judicatory

[joo-di-kuh-tawr-ee, -tohr-ee]
adjective
1.
of or pertaining to judgment or the administration of justice; judiciary: judicatory power.
noun, plural judicatories.
2.
a court of law and justice; tribunal; judiciary.
3.
the administration of justice.

Origin:
1565–75; (noun) < Medieval Latin jūdicātōrium law court, equivalent to jūdicā(re) to judge + -tōrium -tory2; (adj.) < Late Latin jūdicātōrius, equivalent to jūdicā(re) + -tōrius -tory1

nonjudicatory, adjective, noun, plural nonjudicatories.
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World English Dictionary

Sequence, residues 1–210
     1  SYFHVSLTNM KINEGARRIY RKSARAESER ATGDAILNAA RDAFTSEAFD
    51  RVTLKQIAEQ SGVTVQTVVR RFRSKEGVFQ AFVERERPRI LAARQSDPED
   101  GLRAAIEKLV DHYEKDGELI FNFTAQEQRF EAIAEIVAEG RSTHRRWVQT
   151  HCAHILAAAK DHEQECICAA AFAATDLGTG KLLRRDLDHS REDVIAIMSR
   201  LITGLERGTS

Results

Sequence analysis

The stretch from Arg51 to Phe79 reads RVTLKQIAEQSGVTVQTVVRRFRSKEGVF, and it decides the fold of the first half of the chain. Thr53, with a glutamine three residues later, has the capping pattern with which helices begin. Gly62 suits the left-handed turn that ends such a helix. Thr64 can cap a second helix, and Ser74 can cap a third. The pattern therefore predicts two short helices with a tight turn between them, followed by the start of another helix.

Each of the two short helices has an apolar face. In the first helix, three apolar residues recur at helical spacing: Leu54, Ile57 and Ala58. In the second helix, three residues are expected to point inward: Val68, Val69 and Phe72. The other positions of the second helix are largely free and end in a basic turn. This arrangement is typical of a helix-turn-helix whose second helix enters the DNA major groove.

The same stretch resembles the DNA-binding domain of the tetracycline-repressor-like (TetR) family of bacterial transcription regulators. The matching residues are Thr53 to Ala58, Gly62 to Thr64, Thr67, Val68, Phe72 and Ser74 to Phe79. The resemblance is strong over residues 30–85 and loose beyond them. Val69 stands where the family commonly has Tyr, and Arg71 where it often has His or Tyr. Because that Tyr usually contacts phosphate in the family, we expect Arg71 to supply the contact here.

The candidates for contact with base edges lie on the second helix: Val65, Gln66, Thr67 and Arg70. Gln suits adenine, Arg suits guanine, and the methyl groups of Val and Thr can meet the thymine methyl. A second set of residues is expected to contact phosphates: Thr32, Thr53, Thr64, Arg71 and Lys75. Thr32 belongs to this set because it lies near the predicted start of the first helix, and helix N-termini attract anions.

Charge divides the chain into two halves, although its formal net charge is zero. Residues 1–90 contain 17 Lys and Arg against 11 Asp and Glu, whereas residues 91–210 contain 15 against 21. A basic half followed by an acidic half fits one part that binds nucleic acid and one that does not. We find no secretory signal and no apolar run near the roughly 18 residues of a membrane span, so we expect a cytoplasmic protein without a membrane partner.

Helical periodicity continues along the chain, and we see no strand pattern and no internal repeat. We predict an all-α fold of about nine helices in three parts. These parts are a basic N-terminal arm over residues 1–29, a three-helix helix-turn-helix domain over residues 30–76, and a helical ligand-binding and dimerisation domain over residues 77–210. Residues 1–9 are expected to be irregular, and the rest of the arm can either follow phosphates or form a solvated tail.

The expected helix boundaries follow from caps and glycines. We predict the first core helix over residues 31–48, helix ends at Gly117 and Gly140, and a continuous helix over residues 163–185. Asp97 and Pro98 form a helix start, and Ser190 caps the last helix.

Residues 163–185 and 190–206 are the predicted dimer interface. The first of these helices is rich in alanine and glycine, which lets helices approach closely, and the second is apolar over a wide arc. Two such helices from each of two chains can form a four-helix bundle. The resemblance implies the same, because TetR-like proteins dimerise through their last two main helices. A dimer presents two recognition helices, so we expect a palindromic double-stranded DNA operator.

judicatory (ˈdʒuːdɪkətərɪ)
 
adj
1.  of or relating to the administration of justice
 
n
2.  a court of law
3.  the administration of justice
 
judica'torial
 
adj

Collins English Dictionary - Complete & Unabridged 10th Edition
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Etymonline
Word Origin & History

judicatory
1570s, from L.L. judicatorius "judicial," from L. judicatus, pp. of judicare "to judge;" related to judicem (see judge).
Online Etymology Dictionary, © 2010 Douglas Harper
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Example sentences
Many have appeared as expert witnesses for ad judicatory proceedings and litigation actions.
Materials that are part of an ad judicatory process.
Commission may enter into an ad judicatory phase of this investigation.
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